All three of BSG Tech's asserted patents, U.S. Patent Nos. 6, 035, 294, 6, 243, 699, and 6, 195, 652, have substantially overlapping specifications and are directed to a "self-evolving generic index" for organizing information stored in a database. '294 patent col. 3 ll. 24-25. This indexing software organizes information about various items using classifications, parameters, and values. Id. at col. 4 ll. 28-42, col. 6 ll. 38-61. For example, information about a car could be organized as a series of classifications, such as a first "Automobile" classification, a second "Used Vehicle" classification, and a third "Sports Utility Vehicle" classification. Id. at col. 4 ll. 31-34. Alternatively, items could be described using parameters and values. A parameter is a set of qualities that an item could possess, while a value is the specific quality that the item possesses. For instance, items in the database could be classified using the "color" parameter, while each item in the database will have a specific color value like "red" or "blue." Id. at col. 3 ll. 30-45.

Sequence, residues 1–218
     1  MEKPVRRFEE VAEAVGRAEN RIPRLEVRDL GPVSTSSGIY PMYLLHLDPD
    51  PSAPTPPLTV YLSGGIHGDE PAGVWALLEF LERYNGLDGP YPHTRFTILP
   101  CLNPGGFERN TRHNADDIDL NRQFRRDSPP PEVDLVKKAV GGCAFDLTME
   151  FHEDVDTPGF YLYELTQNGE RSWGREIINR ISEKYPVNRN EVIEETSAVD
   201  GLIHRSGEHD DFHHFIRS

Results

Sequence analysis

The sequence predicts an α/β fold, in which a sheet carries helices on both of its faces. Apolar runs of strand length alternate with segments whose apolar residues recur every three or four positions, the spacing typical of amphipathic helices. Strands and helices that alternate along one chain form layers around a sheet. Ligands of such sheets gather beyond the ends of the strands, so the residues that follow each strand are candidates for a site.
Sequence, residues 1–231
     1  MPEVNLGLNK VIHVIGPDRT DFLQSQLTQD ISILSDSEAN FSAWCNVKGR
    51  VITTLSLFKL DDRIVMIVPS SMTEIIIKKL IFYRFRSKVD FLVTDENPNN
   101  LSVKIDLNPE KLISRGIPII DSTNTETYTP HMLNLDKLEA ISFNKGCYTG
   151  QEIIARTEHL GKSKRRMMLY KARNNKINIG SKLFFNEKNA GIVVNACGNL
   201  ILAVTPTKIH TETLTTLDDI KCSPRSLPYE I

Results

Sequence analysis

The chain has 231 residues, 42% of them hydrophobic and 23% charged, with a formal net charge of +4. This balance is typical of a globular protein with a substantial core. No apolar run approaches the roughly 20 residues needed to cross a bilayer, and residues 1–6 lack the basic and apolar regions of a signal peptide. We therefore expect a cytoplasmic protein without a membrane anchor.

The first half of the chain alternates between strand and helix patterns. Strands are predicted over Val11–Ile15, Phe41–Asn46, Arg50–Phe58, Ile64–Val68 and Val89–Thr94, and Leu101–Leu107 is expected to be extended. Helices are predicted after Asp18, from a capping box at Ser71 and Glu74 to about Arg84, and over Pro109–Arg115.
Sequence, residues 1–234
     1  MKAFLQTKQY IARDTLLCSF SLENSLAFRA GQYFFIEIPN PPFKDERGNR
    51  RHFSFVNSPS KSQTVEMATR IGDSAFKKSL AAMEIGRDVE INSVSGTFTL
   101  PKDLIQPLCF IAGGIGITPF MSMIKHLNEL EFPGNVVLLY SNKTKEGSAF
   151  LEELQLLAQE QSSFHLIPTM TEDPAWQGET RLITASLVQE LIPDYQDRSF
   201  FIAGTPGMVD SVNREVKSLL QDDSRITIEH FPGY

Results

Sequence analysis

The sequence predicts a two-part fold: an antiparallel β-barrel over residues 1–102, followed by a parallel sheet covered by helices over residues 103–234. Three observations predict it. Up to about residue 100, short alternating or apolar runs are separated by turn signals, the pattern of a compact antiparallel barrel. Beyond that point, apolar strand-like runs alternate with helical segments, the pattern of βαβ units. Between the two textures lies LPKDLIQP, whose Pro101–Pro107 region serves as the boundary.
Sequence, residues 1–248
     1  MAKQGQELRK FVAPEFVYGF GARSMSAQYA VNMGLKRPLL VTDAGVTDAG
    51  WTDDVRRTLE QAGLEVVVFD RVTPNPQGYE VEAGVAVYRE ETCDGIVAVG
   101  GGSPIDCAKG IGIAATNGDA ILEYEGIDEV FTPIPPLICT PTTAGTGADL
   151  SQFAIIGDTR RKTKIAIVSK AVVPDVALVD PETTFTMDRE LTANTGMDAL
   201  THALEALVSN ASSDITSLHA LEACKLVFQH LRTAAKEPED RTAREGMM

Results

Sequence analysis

Prior art indices also organized information using classifications, parameters, and values. According to the patents' specifications, prior "specialty indices" organized information about specific types of products or services. For example, a real estate specialty index could use property classifications like commercial or residential; organize properties using parameters like location or square footage; and store data corresponding to the values of those parameters. Id. at col. 1 ll. 49-57. Database users could more finely control their searches for particular data entries by using parameters and values to limit search results. Id. at col. 2 ll. 60-62. The specifications also describe "hierarchical indices" that sorted information about products and services by tiers of increasingly narrow classifications. Id. at col. 2 ll. 30-42. Using this type of index, a user searching for the geographical location of a service could find services in Los Angeles by continuously narrowing from broader categories like North America, United States, California, and Southern California. Id. at col. 2 ll. 39-42.